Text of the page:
The scene is automatic at the regional or state level, regardless of sport: A handful of losing players fail to keep composure and shed a tear in realization that their hard work and dedication fell short.
No one dares to chastise that. It’s natural.
Following the Mentor baseball team’s 6-3 victory Thursday over Brunswick in the Canton Division I Regional semifinals at Thurman Munson Memorial Stadium, the Blue Devils’ faces were clearly disappointed — underrated third baseman Corey Welsh sitting on the bench with a blank stare stood out — but with dry eyes.
It was a microcosm of Brunswick’s season. Win or lose, the lunch pails were brought with more maturity than many of the adults sitting in the stands.
That’s what makes Thursday heartbreaking. Coach Todd Winston’s team overcame so much in a short window to make an inspiring run in the postseason.
The season began with high expectations. Brunswick returned very productive starters Kyle Burson, Kyle Michalik, Gerry Salisbury, Brian Lees and Gary Clift Jr. from 2012’s district runner-up team, re-added a healthy Kyle Wheeler and had speed to burn with new outfielders Ryan Kuntz and Joey Verbiak.
For whatever reason, the hype didn’t match the results despite a hot start from Welsh, a full-time varsity newcomer. Five losses in a seven-game stretch, including 2-1 to Mentor and a defeat-from-the-jaws-of-victory decision to Twinsburg, left Brunswick 12-8 and looking up in the Northeast Ohio Conference River Division standings.
Then seldom-used senior Mike Cintron lit the fire. Against state-ranked Norwalk in the second game of a non-league doubleheader at Mansfield Madison, Cintron — like always — was warming up a relief pitcher. He then was summoned to pinch-hit, smashed an RBI double without batting an eye and sprinted back to the bullpen during a 9-5 victory.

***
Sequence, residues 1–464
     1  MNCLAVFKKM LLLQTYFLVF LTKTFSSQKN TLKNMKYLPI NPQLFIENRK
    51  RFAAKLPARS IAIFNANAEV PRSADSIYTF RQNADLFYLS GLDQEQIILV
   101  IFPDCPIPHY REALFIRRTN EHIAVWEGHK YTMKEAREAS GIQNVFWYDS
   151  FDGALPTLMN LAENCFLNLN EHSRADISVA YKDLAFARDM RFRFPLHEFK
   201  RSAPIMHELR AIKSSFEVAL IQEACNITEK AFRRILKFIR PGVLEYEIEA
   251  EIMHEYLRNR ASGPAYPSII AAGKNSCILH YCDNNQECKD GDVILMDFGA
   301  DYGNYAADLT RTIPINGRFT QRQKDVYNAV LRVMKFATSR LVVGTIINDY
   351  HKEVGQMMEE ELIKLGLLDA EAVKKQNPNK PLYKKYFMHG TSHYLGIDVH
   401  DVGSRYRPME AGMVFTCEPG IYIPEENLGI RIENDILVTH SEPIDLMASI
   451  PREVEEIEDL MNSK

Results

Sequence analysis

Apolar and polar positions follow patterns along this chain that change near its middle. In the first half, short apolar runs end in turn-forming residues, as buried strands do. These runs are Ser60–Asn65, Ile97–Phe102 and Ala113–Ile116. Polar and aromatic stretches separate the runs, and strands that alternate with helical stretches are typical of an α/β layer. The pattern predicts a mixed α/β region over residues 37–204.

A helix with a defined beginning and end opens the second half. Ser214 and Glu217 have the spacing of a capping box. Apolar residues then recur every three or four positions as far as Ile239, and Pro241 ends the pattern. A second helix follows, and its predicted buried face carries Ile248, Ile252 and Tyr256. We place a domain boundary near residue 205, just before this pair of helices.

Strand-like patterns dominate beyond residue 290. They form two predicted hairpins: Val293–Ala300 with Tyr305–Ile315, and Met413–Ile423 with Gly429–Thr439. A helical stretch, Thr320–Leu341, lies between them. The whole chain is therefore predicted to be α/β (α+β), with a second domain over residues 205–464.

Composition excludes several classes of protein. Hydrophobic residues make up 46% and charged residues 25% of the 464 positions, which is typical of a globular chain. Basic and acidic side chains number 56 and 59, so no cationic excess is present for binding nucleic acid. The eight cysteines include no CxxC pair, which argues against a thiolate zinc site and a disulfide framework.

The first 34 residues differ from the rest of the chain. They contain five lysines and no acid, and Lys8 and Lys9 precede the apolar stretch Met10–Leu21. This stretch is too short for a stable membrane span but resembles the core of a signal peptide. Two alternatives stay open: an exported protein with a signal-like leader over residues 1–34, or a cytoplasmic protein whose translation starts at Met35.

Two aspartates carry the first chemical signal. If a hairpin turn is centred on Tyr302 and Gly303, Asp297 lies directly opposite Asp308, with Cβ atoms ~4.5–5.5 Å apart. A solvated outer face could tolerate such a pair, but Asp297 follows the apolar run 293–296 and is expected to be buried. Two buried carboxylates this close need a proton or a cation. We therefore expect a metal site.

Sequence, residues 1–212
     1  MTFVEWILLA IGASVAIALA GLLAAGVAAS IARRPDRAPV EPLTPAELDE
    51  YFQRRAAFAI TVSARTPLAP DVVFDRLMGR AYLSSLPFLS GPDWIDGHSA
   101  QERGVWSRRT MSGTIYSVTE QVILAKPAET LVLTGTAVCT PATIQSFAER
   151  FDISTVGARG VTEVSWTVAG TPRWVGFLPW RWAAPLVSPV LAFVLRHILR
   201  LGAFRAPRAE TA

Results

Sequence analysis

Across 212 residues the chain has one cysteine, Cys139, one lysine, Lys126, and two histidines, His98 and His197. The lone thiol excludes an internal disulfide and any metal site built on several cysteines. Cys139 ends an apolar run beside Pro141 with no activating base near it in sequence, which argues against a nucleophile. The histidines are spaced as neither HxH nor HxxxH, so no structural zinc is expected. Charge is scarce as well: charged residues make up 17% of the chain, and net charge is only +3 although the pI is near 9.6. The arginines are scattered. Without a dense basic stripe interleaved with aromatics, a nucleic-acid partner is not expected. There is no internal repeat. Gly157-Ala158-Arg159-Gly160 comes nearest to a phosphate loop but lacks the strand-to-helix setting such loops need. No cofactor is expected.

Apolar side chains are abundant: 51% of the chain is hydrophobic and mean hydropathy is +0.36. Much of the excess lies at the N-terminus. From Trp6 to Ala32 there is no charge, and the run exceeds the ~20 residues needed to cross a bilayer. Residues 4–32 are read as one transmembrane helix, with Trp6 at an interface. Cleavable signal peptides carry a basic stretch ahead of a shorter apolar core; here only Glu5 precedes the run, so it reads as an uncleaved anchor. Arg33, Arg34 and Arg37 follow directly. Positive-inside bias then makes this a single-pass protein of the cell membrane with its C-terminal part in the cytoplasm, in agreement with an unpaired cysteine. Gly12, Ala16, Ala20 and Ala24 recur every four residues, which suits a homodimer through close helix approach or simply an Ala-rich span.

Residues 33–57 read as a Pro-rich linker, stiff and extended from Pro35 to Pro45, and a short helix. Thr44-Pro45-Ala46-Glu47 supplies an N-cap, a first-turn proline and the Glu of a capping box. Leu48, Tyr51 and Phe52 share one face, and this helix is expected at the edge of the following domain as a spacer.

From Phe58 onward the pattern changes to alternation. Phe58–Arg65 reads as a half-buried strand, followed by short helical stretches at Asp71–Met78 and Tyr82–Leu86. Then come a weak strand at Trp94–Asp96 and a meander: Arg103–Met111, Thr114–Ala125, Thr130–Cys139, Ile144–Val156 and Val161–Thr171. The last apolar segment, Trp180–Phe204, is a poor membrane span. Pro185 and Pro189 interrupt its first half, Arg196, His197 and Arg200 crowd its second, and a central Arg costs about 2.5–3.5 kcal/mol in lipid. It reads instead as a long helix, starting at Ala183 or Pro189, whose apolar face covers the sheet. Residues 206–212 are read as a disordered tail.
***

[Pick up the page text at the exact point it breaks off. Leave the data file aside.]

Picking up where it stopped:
The momentum of Cintron’s big moment wasn’t stopped until Thursday.
Like clockwork, pitchers Michalik, Salisbury and No. 3 man Nick Furman — a clear-cut league starter on most teams — caught fire. A so-so defense that was a supposed strength became nearly flawless, and moving Lees to the 7-hole sparked Clift, Verbiak and Kuntz at the bottom of the lineup.
Salisbury two-hit archrival Strongsville to keep Brunswick alive in the division race. Michalik then grinded his way to a 6-3 decision the next day, and Medina stunned Mentor in its last at-bat to give the Blue Devils a four-way share of the championship.
Defense by Kevin Soucek, who only plays second base when Michalik pitches and Burson moves to short, contributed to a 4-2 sectional triumph over 22-win Wadsworth. Clift and Verbiak had multihit games against Twinsburg in the district semis and Michalik one-hit Hudson for the district title.
Even in losing to Mentor on Thursday, there was another bright spot off the bench. Clift was at home battling norovirus that has swept through the school district — Winston also missed a few games because of it — and David Reiter Jr., who had appeared in a handful of games all season, singled and scored a run in the last-stand seventh inning.
Winston spent a good chunk of practice Wednesday praising not Ohio State recruit Michalik, not Ohio signee Salisbury, not Akron commit Lees and not surefire college player Burson. He instead pointed to Cintron, easily the team’s biggest cheerleader, and Reiter, who lost his father, David Sr., nearly 10 years ago, as the unsung heroes.
Winston arrived to that practice late after picking up a carton full of bottled water meant for every player. He was taking no chances with a norovirus threat still lingering.
The assistant coaches were absent as well, yet the entire team was long-tossing and practicing bunts without supervision.
When Winston arrived, he smiled from ear to ear — something he doesn’t do very often on the baseball field. No matter what the day, his team came to work. Check your egos at the door or leave.
Attitude like that will translate not only to the baseball world, but to the real world as well.
Contact Albert Grindle at (330) 721-4043 or firstname.lastname@example.org.